Columbus and the Virgin Mary
The Virgin of the Navigators is an alterpiece painted in 1536 by Alejo Fernandez for the chapel at the House of Trade in Seville. Under the protection of the Virgin are depicted King Ferdinand II of Aragon, Holy Roman Emperor Charles V, and, kneeling on the viewer’s right are Christopher Columbus, Amerigo Vespucci and one of the Pinzon Brothers. In the background are gathering the peoples of the New World. The painting was made five years after the appearance of Mary as Our Lady of Guadalupe in Mexico in 1531, and I wonder if word of this miracle had made its way back to Spain.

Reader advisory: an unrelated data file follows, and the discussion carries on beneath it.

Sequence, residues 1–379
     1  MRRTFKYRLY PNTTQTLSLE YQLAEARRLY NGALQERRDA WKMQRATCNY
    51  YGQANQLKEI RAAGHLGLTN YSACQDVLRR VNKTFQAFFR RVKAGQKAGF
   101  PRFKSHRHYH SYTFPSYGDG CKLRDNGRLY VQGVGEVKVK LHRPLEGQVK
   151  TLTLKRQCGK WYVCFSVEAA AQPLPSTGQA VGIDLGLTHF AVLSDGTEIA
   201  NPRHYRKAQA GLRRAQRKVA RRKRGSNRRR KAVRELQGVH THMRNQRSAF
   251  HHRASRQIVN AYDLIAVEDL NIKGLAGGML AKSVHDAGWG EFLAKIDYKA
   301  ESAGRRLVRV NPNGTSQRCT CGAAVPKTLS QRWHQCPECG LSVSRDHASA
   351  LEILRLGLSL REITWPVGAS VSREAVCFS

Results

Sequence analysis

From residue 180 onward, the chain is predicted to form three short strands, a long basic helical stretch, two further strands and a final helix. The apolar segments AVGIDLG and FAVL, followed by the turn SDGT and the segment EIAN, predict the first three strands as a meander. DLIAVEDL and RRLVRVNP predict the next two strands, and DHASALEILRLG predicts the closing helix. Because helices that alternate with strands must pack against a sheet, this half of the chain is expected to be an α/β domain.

At any rate, I know Columbus would have loved the painting. All of his life he had a special devotion to Mary, as demonstrated by the name of his flagship, Santa Maria, and his strict observance of sailors singing Salve Regina at around 7:00 PM after saying their evening prayers. ( The full name of the Santa Maria was Santa Maria de la Imaculada Concepcion; Saint Mary of the Immaculate Conception, which indicates that Columbus believed in the Immaculate Conception of Mary.) On the return voyage from discovering the New World, when supplies were rapidly running out, Columbus and his crew promised pilgrimages to various Marian shrines if they made it back to Spain. In his will Columbus left a legacy to build a church dedicated to Saint Mary of the Conception on Hispaniola, a wish, alas, his executors did not carry out. Columbus would rarely write a letter without inserting this phrase: Jesus cum Maria sit nobis in via. (May Jesus with Mary be with us on the way.) Not a bad hope for all of us.